Suggested FCJM-Participation for the Month of December, 2016
December 1—World AIDS Day
December 1, 2016 is the 28th annual World AIDS Day remembrance dedicated to raising global awareness about HIV/AIDS. It is a day to remember those who have died since the epidemic was recognized in 1981. It is also a time to stand in solidarity with the millions of people worldwide who have suffered unimaginable losses due to this pandemic. Most of all, it is a day to raise awareness that this illness continues to impact millions more each day. As we work toward education and prevention we also commit ourselves to finding a cure.
Let us pray for scientists throughout the world, that their efforts will be successful at finding a cure for AIDS. Let us also pray that we may respond generously to all those suffering with HIV/AIDS, their families and their communities. May we stand together in solidarity, love and compassion.
December 3—International Day of Persons with Disabilities
This year’s theme is: Achieving 17 goals for the future we want. The theme focuses on the Sustainable Development Goals adopted by the international community in September 2015. This day challenges us all to look at how these goals need to include and empower those living with disabilities throughout the world. In many parts of the world, persons with disabilities are shunned and excluded from participation in family, society and sometimes even religious institutions. This day calls us to focus on the “Conventions on the Rights of Persons with Disabilities” to ensure equal and full participation. http://www.un.org/disabilities/convention/conventionfull.shtml
Let us pray for the many disabled persons of the world, who seek to be full and equal participants in shaping the world’s future. May they be protected from physical and psychological harm, and may they be empowered to reach their full potential. May their lives be treasured, respected and cherished.
December 10—International Human Rights Day
Human Rights Day is celebrated annually across the world on 10 December, the date when the United Nations General adopted and proclaimed the Universal Declaration of Human Rights (UDHR) in 1948. It remains as relevant today as ever. http://www.un.org/en/events/humanrightsday/udhr60/declaration.shtml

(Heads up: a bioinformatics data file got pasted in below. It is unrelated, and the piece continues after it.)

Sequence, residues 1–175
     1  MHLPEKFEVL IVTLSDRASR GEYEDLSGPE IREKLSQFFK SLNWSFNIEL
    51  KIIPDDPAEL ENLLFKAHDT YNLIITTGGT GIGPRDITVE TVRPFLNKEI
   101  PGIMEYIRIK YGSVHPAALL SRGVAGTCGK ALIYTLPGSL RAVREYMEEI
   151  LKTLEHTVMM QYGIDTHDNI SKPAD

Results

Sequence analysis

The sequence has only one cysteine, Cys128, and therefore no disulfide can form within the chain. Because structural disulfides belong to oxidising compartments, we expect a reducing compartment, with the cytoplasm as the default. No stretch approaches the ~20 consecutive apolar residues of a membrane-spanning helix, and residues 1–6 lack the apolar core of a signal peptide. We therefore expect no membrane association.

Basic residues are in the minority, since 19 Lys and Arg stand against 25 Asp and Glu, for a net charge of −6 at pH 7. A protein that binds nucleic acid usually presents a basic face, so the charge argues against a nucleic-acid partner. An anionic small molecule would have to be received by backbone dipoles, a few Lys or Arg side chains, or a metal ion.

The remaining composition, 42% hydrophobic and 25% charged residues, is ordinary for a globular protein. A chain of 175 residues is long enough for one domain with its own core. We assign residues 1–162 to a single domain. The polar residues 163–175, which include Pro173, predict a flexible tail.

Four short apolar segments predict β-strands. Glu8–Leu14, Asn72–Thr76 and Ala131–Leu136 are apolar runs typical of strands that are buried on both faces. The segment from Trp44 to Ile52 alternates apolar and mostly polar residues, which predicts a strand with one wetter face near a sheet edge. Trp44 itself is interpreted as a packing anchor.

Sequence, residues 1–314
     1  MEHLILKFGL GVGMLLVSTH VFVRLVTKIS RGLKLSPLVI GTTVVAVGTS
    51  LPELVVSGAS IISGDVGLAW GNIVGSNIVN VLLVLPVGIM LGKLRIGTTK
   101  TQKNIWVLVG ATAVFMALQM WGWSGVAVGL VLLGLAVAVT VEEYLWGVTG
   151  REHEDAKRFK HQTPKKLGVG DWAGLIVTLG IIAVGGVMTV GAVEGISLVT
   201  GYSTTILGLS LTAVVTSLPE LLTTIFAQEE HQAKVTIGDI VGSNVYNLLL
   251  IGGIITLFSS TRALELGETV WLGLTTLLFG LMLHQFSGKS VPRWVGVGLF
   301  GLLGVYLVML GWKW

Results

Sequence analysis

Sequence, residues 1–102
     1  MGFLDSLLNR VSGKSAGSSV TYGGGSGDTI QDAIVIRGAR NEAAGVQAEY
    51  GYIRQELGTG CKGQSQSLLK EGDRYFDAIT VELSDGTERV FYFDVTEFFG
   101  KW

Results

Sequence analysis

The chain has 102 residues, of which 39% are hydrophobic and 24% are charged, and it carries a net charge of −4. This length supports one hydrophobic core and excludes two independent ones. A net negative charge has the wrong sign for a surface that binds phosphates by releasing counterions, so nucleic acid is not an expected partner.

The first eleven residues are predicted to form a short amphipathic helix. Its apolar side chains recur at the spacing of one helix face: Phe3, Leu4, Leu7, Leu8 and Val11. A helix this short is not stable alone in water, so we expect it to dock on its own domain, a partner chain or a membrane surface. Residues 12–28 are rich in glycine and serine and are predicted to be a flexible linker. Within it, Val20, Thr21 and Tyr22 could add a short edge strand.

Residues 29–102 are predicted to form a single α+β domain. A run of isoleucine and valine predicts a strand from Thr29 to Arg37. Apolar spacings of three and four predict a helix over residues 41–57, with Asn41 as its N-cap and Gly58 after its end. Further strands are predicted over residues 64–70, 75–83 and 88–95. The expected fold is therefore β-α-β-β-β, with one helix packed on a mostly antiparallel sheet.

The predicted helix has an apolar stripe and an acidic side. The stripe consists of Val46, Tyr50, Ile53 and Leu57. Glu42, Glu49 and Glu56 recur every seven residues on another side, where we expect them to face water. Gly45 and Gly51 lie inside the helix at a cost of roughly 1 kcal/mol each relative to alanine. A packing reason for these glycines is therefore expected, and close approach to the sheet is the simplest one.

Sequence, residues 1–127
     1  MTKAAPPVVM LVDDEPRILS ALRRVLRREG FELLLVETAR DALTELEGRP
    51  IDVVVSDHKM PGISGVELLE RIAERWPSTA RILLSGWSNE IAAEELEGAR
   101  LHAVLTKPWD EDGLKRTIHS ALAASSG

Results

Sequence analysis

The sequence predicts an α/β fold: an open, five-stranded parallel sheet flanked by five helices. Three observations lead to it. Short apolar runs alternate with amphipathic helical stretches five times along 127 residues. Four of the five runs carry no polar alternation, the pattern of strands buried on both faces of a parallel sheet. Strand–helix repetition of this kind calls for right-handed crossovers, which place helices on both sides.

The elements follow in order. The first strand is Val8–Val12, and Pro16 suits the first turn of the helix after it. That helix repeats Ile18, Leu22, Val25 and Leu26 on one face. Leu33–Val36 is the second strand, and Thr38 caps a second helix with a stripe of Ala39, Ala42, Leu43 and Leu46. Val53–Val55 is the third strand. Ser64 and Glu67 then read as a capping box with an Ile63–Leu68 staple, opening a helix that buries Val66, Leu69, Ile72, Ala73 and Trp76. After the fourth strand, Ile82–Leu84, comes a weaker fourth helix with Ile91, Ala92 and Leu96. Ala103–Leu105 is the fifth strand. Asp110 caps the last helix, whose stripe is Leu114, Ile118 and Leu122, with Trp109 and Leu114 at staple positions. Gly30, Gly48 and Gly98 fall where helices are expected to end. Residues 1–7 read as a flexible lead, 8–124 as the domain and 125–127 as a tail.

This was the first global enunciation of human rights and one of the first major achievements of the new United Nations. Dec. 10th is also the day that the Nobel Peace Prize is traditionally awarded. Poverty and war remain the two greatest threats to human rights in the world and the two are intimately linked to one another.
Let us pray for people around the world who suffer because of violations of their human rights. May each of us raise our voices whenever we witness human rights abuses, whether committed by individuals or government officials. May we have the courage to stand with our oppressed brothers and sisters, no matter what the cost.
December 18—International Migrants Day
Throughout human history, migration has been a courageous expression of the individual’s will to overcome adversity and to live a better life. There is a clear linkage between migration and sustainable development, as well as the opportunities it provides for co-development, that is, the concerted improvement of economic and social conditions at both origin and destination. Migration draws increasing attention in the world nowadays. Mixed with elements of unforeseeability, emergency, and complexity, the challenges and difficulties of international migration require enhanced cooperation and collective action among countries and regions. Growing sentiment against migrants has been fueled in many places by economic stresses, racial and ethnic differences and fear of “the other”.
Let us pray for all those who have had to flee their homes because of war, violence, famine, natural disasters, extreme poverty or violence. May we willingly share what we have with those in need. May we open our hearts and our homes to welcome the stranger among us, so that we “stranger” can become “neighbor” and “friend.”
December 20—International Human Solidarity Day
This international observance was established to remind people about the important role that solidarity plays in realization of all international agreements and programs. According to the UN General Assembly resolution, solidarity is one of the fundamental values of all humankind and it should be the basis of all modern international relations. Only solidarity can help people overcome the global problems. International Human Solidarity Day, December 20, was founded by the United Nations to highlight the eradication of poverty and the promotion human and social development in developing countries, in particular among the poorest segments of their populations. Hear the inspiring words of Anglican Archbishop Desmond Tutu: